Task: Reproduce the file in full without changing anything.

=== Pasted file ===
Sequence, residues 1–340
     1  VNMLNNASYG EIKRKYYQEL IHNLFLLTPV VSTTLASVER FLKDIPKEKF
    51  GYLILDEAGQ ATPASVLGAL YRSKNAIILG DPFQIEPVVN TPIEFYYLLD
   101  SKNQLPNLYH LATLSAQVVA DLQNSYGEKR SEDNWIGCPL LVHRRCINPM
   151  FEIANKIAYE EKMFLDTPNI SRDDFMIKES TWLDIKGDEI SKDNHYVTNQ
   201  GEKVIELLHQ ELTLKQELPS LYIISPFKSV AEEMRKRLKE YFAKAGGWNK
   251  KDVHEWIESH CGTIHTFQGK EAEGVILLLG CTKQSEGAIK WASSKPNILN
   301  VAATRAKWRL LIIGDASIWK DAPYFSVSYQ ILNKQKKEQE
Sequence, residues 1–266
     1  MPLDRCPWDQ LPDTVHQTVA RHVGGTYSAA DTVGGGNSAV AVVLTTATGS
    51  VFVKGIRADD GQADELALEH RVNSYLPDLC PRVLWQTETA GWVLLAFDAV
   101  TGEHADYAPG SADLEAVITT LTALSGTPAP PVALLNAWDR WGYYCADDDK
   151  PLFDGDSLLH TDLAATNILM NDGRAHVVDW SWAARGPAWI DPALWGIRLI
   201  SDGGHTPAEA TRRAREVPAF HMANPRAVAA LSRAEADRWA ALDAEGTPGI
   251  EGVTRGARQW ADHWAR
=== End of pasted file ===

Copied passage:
Sequence, residues 1–340
     1  VNMLNNASYG EIKRKYYQEL IHNLFLLTPV VSTTLASVER FLKDIPKEKF
    51  GYLILDEAGQ ATPASVLGAL YRSKNAIILG DPFQIEPVVN TPIEFYYLLD
   101  SKNQLPNLYH LATLSAQVVA DLQNSYGEKR SEDNWIGCPL LVHRRCINPM
   151  FEIANKIAYE EKMFLDTPNI SRDDFMIKES TWLDIKGDEI SKDNHYVTNQ
   201  GEKVIELLHQ ELTLKQELPS LYIISPFKSV AEEMRKRLKE YFAKAGGWNK
   251  KDVHEWIESH CGTIHTFQGK EAEGVILLLG CTKQSEGAIK WASSKPNILN
   301  VAATRAKWRL LIIGDASIWK DAPYFSVSYQ ILNKQKKEQE
Sequence, residues 1–266
     1  MPLDRCPWDQ LPDTVHQTVA RHVGGTYSAA DTVGGGNSAV AVVLTTATGS
    51  VFVKGIRADD GQADELALEH RVNSYLPDLC PRVLWQTETA GWVLLAFDAV
   101  TGEHADYAPG SADLEAVITT LTALSGTPAP PVALLNAWDR WGYYCADDDK
   151  PLFDGDSLLH TDLAATNILM NDGRAHVVDW SWAARGPAWI DPALWGIRLI
   201  SDGGHTPAEA TRRAREVPAF HMANPRAVAA LSRAEADRWA ALDAEGTPGI
   251  EGVTRGARQW ADHWAR